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Hundreds of ancient frogs died in this swamp mating death trap, researchers say

AILSA CHANG, HOST:

It's a case that went cold some 45 million years ago. What killed a couple hundred ancient frogs? NPR's Ari Daniel brings us a mystery that at long last may have been solved.

ARI DANIEL, BYLINE: Central Germany was once a coastal, subtropical swamp.

DANIEL FALK: With loads of creatures, loads of beasts running around.

DANIEL: Including - says Daniel Falk, a paleontology Ph.D. student at University College Cork - ancestral horses, giant crocodiles, huge snakes and plenty of frogs and toads. But in the modern era, things look rather different.

FALK: It's kind of like a fossil crime scene.

DANIEL: The swamp had preserved a couple hundred fossilized frogs and toads.

FALK: And the mysterious question is, like, why did all those animals die? Like, why did those frogs die?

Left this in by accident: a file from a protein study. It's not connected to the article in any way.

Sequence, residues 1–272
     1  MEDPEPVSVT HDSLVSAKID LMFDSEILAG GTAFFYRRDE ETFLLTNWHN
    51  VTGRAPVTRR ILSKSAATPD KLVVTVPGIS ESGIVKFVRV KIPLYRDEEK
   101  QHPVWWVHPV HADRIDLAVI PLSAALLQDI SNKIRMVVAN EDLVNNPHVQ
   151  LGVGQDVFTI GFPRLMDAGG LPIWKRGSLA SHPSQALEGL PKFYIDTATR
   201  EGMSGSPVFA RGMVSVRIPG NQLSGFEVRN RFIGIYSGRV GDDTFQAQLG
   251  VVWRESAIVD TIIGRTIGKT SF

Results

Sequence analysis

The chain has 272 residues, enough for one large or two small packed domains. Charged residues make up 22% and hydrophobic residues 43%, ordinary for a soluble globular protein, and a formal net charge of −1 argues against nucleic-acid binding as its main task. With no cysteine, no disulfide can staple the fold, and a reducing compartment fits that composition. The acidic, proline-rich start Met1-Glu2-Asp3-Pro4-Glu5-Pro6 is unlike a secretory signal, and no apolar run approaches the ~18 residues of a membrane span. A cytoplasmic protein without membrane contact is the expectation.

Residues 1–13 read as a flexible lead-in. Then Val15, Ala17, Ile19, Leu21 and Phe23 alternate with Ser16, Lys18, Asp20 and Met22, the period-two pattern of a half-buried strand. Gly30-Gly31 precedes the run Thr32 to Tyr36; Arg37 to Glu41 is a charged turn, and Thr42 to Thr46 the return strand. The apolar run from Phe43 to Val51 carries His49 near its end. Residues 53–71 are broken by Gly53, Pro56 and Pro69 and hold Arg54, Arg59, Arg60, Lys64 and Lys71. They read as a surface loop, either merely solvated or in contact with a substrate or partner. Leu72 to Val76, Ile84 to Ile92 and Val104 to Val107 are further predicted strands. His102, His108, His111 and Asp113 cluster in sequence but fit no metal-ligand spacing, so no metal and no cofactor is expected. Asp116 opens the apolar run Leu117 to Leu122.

DANIEL: For a long time, scientists thought the swamp had dried out, which could have killed the frogs. But Falk wasn't so sure.

FALK: I basically counted every single bone in every specimen.

DANIEL: The bones were in good shape, so the animals were healthy; there was even fossilized poop in a couple of them, so they didn't starve; and there weren't any predator marks, so the frogs and toads weren't eaten - process of elimination. And what was left, based on similar fossil deposits elsewhere and knowing about modern-day frogs, was that - and here's where it gets a bit gruesome - the ancient animals drowned while mating, especially the females.

FALK: And they sink down in the water. And if the females can't make it up to the surface at some stage, they unfortunately drown.

DANIEL: It's a theory Falk and his colleagues describe in a study published today in the journal "Papers in Palaeontology." If they're right, then it's not the males who revealed what happened; they're long gone. It's the females that have been preserved, whispering their story to us millions of years later. Transcript provided by NPR, Copyright NPR.

Ari Daniel is a reporter for NPR's Science desk where he covers global health and development.